Ms Estella Tincknell

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About me

I have taught at UWE for fifteen years across both Film Studies and Media and Cultural Studies and at all levels, from undergraduate through MA to PhD.  I have led both undergraduate and postgraduate programmes and was Head of Department between 2006 and 2009.  I studied at the Birmingham Centre for Contemporary Cultural Studies during the 1980s at a time when it was undertaking groundbreaking cross-disciplinary work and have retained my interest in challenging academic boundaries and conventions.

I currently supervise PhD students on a range of topics broadly linked to film and media, and welcome applications and expressions of interest (especially in the areas of British film and television, music on screen, and aging and representation). I am a founding member of WAM (Women, Aging, Media), an international network of scholars and activists who combine research and publication with social impact (e.g. we contributed to two Parliamentary reports on older women in the British media which helped to change regulations on this issue).

I was also co-editor of The Soundtrack, a journal of music and the moving image, between 2012 and 2016, and continue to research in this area.

In addition to my job at UWE I have been a Bristol City Councillor since 2013 and was Deputy Mayor and Cabinet Member for Culture and Equalities between 2016-17.

Area of expertise

My research interests are centred on four main areas: popular film and media genres, especially representations of gender and identity within those forms; music and cinema, including film musicals, film soundtracks, and popular music on screen; aging, gender and culture, especially media representations of aging femininity and their associated discourses; British film and television, especially post-war histories and culture.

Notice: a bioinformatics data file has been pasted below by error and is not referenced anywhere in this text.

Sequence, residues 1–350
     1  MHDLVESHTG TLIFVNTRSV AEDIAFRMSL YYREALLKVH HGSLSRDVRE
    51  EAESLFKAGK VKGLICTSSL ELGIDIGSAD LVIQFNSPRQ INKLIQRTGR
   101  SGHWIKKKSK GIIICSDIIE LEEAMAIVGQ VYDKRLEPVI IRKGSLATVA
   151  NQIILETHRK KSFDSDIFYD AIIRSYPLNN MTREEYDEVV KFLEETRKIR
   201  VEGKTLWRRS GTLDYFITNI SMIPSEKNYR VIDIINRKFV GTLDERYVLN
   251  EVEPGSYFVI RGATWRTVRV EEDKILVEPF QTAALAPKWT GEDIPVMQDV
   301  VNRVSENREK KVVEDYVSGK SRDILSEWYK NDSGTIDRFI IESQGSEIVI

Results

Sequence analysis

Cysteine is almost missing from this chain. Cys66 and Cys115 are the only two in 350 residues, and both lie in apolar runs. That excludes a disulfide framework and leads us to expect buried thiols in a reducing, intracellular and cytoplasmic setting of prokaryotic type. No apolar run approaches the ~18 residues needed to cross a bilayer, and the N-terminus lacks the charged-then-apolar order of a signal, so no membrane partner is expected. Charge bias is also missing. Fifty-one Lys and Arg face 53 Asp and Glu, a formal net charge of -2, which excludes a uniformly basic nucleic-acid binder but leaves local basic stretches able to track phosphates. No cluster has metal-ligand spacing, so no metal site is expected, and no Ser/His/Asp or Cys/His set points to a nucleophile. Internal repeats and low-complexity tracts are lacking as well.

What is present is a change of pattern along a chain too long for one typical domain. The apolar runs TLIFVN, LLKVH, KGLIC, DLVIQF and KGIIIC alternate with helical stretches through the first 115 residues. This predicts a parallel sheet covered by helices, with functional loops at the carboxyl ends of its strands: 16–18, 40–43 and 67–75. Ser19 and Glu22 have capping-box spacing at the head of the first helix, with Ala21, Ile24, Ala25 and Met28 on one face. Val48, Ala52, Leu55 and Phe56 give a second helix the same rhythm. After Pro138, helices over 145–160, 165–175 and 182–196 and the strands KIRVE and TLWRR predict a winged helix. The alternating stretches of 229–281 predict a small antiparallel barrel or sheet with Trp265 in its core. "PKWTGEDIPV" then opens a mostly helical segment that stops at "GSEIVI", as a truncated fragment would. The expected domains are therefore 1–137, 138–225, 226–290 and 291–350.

I have written and published widely on these topics, and my most recent publications include: 'Monstrous Aunties:  the Rabelaisin older Asian woman in British cinema and television comedy', Feminist Media Studies (April 2019); 'The Nation's Matron: Hattie Jacques and British Postwar Popular Culture', Journal of British Cinema and Television (January 2015); 'Dowagers, Debs, Nuns and Babies: The Politics of Nostalgia and the Older Woman in the Sunday Night Television Serial' Journal of British Cinema and Television (August 2013); Jane Campion and Adaptation: Angels, Demons and Unsettling Voices (Palgrave Macmillan, 2013), and Aging Femininities, Troubling Representations (Cambridge Scholars, 2012, with Dr J Dolan).

My research is informed by feminist and materialist traditions of critical analysis and a firm commitment to social transformation.


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